Outpatient Treatment for Opioid Addiction

Opioid Addiction Treatment

The United States is facing a serious opioids epidemic. According to the National Institute on Drug Abuse, over 115 Americans die from an opioid overdose every day. And, we’re not talking about only illegal drugs, such as heroin, but also strong pain relievers like oxycodone, tramadol, and hydrocodone.

In addition to the severe public health crisis, opioids abuse is also taking a toll on the country’s economy. The CDC estimates that the epidemic is costing the United States over $78.5 billion a year to cover for healthcare and addiction treatment. The loss of productivity and legal fees are also costs that the government must pay.

The problem with opioids, especially pain relievers, is patients, as well as healthcare providers, thought that they were safe and non-addictive. As such, between the late 1990s and early 2000s, doctors prescribed them at a great rate, reinforcing the idea that they don’t have any damaging or worrying side effects. Because of this false impression of safety, people began abusing and misusing them, which led to an escalation in opioids overdose.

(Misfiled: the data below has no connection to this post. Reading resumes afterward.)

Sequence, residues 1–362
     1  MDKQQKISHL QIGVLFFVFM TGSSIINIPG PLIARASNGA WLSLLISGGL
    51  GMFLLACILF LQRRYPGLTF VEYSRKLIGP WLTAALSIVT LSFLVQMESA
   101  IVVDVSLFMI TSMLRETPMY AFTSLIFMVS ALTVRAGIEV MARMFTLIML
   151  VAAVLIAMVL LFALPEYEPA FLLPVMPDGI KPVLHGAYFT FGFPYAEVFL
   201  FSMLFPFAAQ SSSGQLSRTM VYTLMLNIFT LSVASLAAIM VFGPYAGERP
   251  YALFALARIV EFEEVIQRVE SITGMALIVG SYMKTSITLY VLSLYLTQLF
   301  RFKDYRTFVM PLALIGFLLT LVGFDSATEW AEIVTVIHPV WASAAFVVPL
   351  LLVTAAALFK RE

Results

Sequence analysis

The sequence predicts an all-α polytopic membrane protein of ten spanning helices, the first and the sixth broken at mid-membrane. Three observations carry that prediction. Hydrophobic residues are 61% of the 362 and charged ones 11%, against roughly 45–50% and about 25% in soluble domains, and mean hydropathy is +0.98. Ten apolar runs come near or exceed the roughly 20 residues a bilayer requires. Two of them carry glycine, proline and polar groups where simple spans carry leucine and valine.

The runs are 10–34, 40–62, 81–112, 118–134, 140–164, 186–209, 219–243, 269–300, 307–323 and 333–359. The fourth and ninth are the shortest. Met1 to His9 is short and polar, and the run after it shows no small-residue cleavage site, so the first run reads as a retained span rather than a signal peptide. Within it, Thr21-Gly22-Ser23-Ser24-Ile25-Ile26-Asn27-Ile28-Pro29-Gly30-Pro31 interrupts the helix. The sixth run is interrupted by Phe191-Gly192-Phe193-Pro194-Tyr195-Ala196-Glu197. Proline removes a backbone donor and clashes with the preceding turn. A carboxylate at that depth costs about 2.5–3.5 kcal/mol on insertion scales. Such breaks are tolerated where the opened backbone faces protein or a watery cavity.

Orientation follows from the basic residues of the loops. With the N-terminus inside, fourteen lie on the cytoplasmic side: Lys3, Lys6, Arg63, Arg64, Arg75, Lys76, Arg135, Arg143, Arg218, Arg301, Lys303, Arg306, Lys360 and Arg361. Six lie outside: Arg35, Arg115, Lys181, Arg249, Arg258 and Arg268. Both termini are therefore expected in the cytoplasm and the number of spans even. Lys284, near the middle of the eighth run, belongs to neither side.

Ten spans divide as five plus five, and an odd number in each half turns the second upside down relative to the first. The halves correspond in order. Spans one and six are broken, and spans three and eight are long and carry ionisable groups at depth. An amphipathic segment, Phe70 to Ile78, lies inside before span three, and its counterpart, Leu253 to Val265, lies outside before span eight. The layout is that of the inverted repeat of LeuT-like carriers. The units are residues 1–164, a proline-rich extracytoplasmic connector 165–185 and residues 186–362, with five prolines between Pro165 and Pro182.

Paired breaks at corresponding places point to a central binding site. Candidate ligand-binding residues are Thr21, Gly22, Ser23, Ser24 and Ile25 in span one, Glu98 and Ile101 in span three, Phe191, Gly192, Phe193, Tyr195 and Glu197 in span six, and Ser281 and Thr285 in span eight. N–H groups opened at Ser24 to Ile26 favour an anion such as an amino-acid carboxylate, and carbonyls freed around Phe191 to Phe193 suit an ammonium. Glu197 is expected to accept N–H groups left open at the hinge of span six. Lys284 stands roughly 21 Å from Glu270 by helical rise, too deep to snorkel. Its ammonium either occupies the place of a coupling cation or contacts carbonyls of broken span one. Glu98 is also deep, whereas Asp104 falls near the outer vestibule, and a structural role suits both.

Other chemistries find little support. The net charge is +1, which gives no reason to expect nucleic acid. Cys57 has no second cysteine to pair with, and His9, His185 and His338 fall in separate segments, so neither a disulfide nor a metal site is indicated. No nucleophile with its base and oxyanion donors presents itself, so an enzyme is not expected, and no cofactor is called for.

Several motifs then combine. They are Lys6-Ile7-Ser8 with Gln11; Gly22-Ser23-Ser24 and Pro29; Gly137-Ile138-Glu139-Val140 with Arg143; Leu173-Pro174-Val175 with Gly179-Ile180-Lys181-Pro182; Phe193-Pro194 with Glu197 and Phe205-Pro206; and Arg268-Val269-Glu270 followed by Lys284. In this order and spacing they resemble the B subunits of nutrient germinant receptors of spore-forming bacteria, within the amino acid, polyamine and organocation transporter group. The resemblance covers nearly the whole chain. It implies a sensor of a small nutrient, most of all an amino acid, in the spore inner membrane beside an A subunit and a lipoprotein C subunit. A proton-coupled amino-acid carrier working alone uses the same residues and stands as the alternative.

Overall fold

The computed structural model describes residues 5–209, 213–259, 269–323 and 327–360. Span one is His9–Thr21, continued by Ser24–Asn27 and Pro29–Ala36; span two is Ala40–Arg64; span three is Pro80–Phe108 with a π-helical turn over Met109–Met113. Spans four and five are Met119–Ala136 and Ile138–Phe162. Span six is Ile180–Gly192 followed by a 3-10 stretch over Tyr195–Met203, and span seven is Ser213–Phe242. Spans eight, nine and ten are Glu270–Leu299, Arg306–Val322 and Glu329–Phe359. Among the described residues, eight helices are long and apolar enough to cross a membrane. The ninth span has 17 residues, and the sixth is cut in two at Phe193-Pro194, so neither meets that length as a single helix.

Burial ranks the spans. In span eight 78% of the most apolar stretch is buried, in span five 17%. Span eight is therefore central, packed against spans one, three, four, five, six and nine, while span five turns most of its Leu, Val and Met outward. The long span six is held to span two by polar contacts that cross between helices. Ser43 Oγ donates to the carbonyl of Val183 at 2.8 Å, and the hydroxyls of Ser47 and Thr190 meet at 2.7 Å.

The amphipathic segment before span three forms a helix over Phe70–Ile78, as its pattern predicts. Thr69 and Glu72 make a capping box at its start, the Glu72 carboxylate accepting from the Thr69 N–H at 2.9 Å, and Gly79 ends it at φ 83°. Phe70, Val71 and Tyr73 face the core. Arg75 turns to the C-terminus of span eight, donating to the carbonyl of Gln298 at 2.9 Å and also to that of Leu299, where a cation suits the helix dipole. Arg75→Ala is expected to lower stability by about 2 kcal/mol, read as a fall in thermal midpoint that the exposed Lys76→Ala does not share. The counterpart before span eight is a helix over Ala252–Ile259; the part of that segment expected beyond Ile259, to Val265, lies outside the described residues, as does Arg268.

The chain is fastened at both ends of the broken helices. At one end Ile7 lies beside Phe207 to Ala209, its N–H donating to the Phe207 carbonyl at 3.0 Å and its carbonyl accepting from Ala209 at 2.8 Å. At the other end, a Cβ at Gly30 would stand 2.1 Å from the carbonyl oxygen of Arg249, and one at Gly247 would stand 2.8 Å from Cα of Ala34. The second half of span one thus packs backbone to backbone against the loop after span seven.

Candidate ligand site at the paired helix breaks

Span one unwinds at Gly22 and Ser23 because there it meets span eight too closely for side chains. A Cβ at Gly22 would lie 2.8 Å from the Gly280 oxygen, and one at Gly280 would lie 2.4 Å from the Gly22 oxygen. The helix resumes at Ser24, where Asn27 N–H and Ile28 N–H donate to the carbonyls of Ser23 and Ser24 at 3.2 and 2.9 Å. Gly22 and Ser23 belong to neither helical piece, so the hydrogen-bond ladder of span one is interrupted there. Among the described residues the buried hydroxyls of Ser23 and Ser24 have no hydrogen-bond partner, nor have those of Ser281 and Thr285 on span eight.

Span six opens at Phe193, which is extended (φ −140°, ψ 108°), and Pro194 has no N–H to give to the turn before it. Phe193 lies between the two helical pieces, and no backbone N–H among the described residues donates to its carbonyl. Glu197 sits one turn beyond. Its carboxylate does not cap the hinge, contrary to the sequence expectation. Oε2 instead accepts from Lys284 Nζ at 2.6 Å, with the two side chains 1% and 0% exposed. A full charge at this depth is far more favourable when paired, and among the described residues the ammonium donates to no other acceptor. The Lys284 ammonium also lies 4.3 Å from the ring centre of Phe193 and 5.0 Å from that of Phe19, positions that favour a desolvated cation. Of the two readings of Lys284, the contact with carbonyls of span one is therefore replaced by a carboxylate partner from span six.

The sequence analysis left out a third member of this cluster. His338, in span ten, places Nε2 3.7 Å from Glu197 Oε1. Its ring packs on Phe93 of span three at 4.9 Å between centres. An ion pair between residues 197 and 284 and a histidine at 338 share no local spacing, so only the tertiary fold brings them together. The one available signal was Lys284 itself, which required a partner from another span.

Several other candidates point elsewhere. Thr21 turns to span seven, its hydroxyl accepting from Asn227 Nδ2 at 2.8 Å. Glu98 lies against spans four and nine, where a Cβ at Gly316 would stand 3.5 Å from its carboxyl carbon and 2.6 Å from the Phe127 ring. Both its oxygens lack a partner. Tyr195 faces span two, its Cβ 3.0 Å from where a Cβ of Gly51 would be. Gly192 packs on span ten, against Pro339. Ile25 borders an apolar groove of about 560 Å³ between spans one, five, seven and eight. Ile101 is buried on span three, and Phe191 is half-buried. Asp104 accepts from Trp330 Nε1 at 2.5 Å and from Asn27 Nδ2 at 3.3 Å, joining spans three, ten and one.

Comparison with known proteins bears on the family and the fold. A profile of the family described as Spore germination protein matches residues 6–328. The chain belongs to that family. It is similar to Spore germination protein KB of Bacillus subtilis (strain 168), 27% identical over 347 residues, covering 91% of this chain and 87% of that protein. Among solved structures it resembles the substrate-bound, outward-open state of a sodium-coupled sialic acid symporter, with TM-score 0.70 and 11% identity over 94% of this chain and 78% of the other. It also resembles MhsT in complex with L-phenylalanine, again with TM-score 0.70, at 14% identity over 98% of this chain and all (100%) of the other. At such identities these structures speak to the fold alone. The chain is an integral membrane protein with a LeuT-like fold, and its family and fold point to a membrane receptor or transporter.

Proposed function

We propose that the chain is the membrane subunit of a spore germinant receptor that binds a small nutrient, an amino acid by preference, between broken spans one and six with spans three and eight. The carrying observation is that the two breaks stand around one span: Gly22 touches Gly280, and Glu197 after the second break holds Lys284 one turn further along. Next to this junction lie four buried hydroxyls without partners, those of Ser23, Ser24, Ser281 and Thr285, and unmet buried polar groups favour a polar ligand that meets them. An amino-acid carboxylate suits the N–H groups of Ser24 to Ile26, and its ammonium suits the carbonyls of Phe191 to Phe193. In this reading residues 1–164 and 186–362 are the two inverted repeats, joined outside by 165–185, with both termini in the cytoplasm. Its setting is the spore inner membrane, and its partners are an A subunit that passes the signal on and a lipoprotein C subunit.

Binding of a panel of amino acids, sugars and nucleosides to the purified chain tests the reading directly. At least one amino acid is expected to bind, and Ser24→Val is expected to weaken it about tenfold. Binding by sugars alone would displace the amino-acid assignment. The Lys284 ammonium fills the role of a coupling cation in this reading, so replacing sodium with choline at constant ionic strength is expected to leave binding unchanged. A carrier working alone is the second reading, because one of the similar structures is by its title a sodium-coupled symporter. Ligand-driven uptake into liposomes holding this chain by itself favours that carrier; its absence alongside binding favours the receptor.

In fact, about 29% of patients that take opioids for chronic pain misuse them, and 12% of them will develop an addiction to the drugs. What’s worse is that between four and six percent of those who don’t take prescription opioids correctly will make the leap and start using heroin.

The numbers are worrying. Just in 2015 over 33.000 people in the U.S. died from illegal opioids overdose and another two million reported prescription pain reliever disorders.

How Addictive Are Opioids?

The human body has its opioid reserves that can relieve pain immediately after an injury. However, these reserves have limited effects when it comes to severe or chronic pain. When that happens, doctors may prescribe opioid painkillers to help patients get the relief they need to continue with their normal lives.

Prescription painkillers attach to the brain’s opioid receptors, activating the reward system and forcing it to release dopamine. As such, not only will patients get pain relief but also experience a euphoric effect.

Over time, the brain becomes accustomed to the opiates and can no longer release dopamine without external input. If the patient tries to stop consumption, their brain will try to compensate for the lack of opioids in the system. That’s when patients start to experience withdrawal symptoms.